DOT said...

I go through periods of loving Rolf and hating him. My best assessment is that he has popularised art and I guess that is no bad thing. My one small contribution was to take my daughter, then aged 10/11 and her friend to the Saatchi gallery when it was in North London.

The friend soon left with her Mum to go to the West Country. Years later my daughter met her again to discover she had gone to art school as a direct result of visiting the gallery. Till then, she had never realised art could be as weirdly conceptual as the stuff being exhibited.

I love your work. I like the way you have painted the barriers - they engender all sorts of thoughts - with the tiniest piece of imaginative projection you can see the uprights of the barriers as Lowriesque people bearing their collective burden of the crossbar. Perhaps I am being too fanciful.

Caroline said...

Thank you, Dot, that's a lovely thought and not at all too fanciful... hadn't thought of that.
I think I was the only artist to draw the 'ugly' barriers... that was what Lowry was about, wasn't it, depicting the warts an'all?
I was quite het-up when I was drawing them, all very psychological! We were cordoned off, and, thinking back, a friend had refused to take part in the event, describing it as the artist seen as 'performing seal'- he's prouder than I am but I know exactly how he feels and I have my own limits.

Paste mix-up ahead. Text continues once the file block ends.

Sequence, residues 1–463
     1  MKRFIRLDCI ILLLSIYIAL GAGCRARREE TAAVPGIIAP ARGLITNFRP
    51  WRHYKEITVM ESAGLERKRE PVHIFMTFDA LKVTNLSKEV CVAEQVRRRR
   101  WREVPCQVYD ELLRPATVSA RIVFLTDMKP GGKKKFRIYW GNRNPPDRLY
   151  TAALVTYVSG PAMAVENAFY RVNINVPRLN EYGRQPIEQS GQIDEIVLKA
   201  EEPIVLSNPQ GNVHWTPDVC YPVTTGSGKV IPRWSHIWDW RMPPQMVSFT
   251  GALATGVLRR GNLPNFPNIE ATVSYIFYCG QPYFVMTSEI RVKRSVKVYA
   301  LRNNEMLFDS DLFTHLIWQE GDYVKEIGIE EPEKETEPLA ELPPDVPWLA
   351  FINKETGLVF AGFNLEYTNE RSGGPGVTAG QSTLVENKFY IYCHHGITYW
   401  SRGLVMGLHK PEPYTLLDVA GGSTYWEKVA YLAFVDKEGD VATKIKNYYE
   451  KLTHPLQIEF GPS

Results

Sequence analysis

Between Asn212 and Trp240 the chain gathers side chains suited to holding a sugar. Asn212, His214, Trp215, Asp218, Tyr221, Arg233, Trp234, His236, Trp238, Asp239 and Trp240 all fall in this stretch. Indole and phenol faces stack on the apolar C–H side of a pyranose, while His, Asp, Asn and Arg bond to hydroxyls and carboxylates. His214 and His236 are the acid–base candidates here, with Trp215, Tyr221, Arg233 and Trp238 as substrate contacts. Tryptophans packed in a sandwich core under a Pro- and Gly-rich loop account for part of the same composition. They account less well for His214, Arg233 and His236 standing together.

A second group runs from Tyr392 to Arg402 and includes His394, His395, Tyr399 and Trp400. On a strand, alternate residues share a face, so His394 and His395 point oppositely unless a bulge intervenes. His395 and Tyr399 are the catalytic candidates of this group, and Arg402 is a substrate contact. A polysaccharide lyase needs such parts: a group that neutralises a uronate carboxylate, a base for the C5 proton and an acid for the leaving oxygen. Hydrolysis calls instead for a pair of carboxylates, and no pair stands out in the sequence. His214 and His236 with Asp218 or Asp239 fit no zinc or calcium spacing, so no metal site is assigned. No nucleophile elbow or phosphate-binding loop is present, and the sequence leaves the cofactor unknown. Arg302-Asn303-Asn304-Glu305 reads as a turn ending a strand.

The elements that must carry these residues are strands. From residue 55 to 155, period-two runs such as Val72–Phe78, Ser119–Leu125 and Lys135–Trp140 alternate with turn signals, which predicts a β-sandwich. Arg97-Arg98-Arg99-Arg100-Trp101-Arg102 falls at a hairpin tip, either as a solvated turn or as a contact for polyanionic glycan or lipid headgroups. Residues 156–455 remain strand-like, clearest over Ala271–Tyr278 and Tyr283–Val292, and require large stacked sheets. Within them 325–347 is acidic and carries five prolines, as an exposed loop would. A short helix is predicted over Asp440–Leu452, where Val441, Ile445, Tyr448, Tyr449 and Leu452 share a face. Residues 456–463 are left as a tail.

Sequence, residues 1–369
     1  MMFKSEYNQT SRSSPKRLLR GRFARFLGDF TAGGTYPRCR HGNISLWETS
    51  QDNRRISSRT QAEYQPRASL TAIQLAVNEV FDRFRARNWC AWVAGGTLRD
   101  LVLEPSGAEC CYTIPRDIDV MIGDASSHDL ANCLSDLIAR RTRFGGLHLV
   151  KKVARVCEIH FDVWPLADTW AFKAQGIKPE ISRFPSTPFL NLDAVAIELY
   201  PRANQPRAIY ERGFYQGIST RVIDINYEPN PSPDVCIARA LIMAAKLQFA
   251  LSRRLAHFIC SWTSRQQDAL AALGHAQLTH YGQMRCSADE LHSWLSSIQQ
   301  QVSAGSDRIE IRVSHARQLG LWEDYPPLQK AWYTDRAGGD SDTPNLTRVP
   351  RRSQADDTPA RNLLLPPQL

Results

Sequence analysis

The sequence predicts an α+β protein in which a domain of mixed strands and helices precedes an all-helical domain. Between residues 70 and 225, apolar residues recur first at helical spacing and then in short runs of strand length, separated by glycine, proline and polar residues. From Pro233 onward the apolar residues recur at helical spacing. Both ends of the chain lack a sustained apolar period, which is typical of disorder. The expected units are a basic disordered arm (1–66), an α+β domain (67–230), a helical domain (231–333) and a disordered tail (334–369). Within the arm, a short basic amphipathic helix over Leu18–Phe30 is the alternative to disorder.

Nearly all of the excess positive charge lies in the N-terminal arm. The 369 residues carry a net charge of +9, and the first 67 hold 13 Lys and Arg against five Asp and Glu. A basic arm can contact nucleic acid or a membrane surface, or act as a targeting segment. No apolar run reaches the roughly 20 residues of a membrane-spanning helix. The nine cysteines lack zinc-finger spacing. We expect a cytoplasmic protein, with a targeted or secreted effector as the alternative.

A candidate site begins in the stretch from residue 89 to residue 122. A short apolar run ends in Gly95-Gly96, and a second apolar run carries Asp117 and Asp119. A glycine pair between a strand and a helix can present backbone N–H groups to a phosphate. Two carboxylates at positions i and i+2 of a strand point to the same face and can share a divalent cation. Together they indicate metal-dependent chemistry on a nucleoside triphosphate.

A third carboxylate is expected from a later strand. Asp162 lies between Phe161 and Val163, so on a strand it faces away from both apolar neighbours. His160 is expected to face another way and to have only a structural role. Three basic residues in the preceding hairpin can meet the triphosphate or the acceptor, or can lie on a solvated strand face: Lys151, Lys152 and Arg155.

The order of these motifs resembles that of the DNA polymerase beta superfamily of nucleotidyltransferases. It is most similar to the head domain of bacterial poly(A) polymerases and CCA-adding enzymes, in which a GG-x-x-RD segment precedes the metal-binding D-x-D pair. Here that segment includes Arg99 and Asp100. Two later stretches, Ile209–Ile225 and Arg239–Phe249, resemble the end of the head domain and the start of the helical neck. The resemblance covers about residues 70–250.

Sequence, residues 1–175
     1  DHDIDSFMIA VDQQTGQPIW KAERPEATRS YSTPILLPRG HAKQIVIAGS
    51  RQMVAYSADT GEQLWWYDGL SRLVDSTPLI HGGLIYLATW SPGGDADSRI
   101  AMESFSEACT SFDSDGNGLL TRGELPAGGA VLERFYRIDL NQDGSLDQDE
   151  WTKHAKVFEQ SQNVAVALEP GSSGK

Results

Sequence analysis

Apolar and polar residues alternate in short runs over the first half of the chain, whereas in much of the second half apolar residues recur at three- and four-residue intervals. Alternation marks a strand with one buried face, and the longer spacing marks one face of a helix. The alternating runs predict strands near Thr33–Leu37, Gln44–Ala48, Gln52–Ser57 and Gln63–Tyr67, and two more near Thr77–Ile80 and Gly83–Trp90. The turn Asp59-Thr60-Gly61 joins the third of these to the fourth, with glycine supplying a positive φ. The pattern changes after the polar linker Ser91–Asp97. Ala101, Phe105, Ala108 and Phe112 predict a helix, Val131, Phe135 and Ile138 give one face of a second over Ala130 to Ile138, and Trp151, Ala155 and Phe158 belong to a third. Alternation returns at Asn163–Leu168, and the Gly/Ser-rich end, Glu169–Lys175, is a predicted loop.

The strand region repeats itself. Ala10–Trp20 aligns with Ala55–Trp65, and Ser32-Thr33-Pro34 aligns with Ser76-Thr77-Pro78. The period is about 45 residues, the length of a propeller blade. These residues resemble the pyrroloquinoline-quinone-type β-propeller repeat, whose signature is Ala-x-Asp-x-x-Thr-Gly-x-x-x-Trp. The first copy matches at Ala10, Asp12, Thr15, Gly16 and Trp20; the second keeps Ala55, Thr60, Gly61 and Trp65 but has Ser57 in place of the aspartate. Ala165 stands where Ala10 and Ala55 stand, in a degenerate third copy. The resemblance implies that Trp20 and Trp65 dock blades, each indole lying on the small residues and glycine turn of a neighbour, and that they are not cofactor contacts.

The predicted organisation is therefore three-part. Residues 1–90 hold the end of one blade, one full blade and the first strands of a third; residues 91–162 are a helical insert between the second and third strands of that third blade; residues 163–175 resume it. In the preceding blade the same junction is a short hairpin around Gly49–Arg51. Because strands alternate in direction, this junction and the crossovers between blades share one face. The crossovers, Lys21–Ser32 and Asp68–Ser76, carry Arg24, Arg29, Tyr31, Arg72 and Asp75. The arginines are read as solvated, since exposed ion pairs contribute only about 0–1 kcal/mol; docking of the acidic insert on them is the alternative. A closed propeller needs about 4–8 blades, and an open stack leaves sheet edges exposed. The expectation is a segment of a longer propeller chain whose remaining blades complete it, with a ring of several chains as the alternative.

Another aspect of the barriers might be the difficulty of breaking into a lucrative art market...??

James Hobbs said...

I once interviewed Rolf when I was working at A&I magazine (I think I may be the only person to have interviewed him, the Chapman brothers, Jane Seymour and Lawrence Weiner) and got the idea he could artistically mimic just about anyone (well, apart from the Chapmans and Weiner), but had no voice of his own at all.

Caroline said...

He looked a bit surprised when I commented on his painting, saying "Er, and are you going to knock back that bright blue a bit?" !
I was amused by the article in A&I which suggested his portrait of The Queen bore an uncanny resemblance to himself...